BREAKING: More explosions in Transnistria take down communication towers

BREAKING: More explosions in Transnistria take down communication towers
An image from the Transnistria interior ministry showing one of the destroyed telecommunications towers. /
By Iulian Ernst in Bucharest April 26, 2022

Two explosions destroyed the biggest telecommunications towers in Moldova’s separatist region Transnistria in the morning of April 26,.

According to the press centre of the Ministry of Internal Affairs, the explosions at the Pridnestrovian Radio and Television Centre (PRTC) in the town of Maiak, Grigoriopol district in the Transnistrian region, occurred at 6:40 and 7:05 local time. There were no casualties.

The incident comes after the separatists’ Ministry of State Security (MGB) in Tiraspol came under attack from a grenade launcher on April 25. The incident, followed by a Russian propaganda offensive claiming Nato member Romania was preparing to capture Transnistria, was treated as a provocation by the Moldovan authorities. 

While the impact of the attack on the empty headquarters of the MGB was rather symbolic, the destruction of the antennas seems to have more material implications.

Moldova has banned Russian radio and TV stations on its territory, but it is unable to enforce the decision in Transnistria, which has been under the control of pro-Russian separatists since the early 1990s.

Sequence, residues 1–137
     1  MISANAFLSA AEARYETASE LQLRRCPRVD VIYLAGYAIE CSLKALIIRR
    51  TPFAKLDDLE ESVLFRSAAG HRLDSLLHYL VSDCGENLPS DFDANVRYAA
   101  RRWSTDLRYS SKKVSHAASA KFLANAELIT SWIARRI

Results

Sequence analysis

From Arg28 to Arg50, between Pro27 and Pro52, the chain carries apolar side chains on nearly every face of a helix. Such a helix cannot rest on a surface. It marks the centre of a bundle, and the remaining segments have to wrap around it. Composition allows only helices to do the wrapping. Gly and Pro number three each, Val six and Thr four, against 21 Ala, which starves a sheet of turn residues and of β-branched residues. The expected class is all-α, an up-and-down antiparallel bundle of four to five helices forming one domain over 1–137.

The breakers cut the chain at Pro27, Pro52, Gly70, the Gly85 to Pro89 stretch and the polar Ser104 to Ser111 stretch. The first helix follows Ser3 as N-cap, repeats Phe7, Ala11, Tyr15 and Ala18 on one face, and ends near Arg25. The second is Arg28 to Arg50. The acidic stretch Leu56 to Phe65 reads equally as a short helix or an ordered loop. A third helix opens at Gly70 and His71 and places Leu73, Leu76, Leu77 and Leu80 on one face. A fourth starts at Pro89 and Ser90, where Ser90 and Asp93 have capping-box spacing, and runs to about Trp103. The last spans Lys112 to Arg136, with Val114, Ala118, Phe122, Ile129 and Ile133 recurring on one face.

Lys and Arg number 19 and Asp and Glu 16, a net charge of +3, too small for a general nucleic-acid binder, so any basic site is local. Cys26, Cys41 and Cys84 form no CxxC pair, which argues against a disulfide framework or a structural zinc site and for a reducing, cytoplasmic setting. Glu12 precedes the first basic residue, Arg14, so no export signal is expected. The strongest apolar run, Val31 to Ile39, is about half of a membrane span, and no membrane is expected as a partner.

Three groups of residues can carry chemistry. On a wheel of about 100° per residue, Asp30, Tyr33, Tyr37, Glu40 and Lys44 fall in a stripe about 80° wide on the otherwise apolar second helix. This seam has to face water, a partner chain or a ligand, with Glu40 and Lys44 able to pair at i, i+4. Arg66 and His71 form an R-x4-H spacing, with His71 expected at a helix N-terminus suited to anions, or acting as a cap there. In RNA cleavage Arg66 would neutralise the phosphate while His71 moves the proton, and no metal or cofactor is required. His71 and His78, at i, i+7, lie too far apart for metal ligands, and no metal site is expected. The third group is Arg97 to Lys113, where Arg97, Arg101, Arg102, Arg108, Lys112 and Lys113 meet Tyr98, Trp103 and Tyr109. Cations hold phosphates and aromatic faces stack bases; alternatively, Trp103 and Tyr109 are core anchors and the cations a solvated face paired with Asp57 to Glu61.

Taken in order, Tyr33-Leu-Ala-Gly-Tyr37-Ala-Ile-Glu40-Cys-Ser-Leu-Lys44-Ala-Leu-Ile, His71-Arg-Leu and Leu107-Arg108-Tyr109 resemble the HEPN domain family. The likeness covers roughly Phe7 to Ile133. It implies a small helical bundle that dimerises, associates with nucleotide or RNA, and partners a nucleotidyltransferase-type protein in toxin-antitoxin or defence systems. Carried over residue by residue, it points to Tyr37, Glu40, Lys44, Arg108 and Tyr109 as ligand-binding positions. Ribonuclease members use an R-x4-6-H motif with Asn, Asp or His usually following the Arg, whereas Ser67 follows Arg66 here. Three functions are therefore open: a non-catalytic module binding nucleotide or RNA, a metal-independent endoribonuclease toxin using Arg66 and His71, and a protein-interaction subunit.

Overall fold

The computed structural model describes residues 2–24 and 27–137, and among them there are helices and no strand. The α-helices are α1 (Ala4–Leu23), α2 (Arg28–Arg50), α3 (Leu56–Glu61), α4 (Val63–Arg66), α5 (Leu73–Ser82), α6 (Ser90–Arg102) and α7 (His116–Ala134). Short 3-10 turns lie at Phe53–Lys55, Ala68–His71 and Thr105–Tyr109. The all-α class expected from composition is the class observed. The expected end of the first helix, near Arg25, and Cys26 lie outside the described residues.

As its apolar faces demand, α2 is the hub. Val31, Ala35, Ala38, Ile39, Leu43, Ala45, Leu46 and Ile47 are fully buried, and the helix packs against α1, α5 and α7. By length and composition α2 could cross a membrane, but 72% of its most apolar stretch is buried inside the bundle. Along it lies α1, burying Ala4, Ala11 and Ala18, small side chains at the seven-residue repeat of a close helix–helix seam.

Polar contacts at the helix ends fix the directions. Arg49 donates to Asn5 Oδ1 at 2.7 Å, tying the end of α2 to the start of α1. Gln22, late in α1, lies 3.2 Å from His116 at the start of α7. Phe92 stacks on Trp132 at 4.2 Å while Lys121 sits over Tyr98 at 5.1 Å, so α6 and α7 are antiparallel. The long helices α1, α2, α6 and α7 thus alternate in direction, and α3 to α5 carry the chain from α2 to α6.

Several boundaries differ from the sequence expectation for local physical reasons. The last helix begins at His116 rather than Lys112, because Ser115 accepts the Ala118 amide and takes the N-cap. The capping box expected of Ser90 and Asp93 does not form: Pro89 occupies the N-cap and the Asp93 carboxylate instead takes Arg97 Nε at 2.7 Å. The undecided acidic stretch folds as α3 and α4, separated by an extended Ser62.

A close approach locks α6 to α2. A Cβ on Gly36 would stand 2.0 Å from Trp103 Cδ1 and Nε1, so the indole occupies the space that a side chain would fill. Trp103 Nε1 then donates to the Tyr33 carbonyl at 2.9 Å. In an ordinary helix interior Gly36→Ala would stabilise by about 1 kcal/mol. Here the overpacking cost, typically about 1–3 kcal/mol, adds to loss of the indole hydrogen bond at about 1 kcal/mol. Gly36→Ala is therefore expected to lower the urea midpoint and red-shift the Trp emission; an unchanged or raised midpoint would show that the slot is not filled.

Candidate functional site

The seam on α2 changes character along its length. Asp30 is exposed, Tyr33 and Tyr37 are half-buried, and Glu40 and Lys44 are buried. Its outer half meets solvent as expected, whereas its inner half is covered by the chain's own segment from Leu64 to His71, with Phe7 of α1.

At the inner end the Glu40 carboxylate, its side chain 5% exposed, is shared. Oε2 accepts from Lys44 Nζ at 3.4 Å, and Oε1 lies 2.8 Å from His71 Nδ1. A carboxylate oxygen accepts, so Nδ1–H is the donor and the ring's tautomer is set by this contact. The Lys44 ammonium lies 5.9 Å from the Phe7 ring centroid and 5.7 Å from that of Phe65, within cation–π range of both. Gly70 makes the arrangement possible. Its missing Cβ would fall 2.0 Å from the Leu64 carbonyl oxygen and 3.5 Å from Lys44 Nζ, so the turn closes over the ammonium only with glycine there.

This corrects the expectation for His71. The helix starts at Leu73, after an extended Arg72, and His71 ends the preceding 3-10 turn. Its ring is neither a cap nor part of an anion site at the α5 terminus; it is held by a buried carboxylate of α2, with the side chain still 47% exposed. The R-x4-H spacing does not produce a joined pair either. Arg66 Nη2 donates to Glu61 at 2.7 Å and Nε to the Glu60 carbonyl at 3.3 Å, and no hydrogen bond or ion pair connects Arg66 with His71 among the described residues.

On the other hand, the Moldovan authorities have constantly attempted to prevent the escalation of the situation in the separatist region.

PRTC’s capacity to still relay Russian radio and TV stations was not revealed.

The separatist authorities only confirmed that the two most powerful antennas were out of order: one of one megawatt, the second half-megawatt. Both has been relaying radio broadcasts from Russia. 

PRTC is one of 14 radio transmitting centres in the former USSR. The radio centre was built in the late 1960s.

The Ukrainian Ministry of Defence claimed, after the grenade attack in Tiraspol but before the telecommunication antennas were taken down, that the Russian provocations in Transnistria will continue. They cited indications given by top Transnistrian officials on the preparation of bunkers, three days before the grenade attack.

The territory of Transnistria will be used either as a “mobilisation reserve” (2,500 Russian troops are currently there and Russian nationals can join the army), or for launching attacks against Ukraine, the Ministry of Defence in Kyiv commented.

Ukraine has constantly warned of Russia attempting to undermine the stability in Transnistria and recent statements by officials in Moscow make such allegations more credible.

Major General Rustam Minnekayev, deputy commander of the Central Military District of Russia, claimed on April 22 that “the Russian-speaking population is suppressed” in Transnistria, and that it must be saved.

"Since the beginning of the second phase of the special operation, one of the objectives of the Russian army is to establish full control over the Donbas and southern Ukraine. This will provide a land corridor to Crimea, as well as influence the vital infrastructure of the Ukrainian economy, the ports on the Black Sea through which agricultural and metallurgical products are delivered,” Minnekayev added quoted by Deutsche Welle.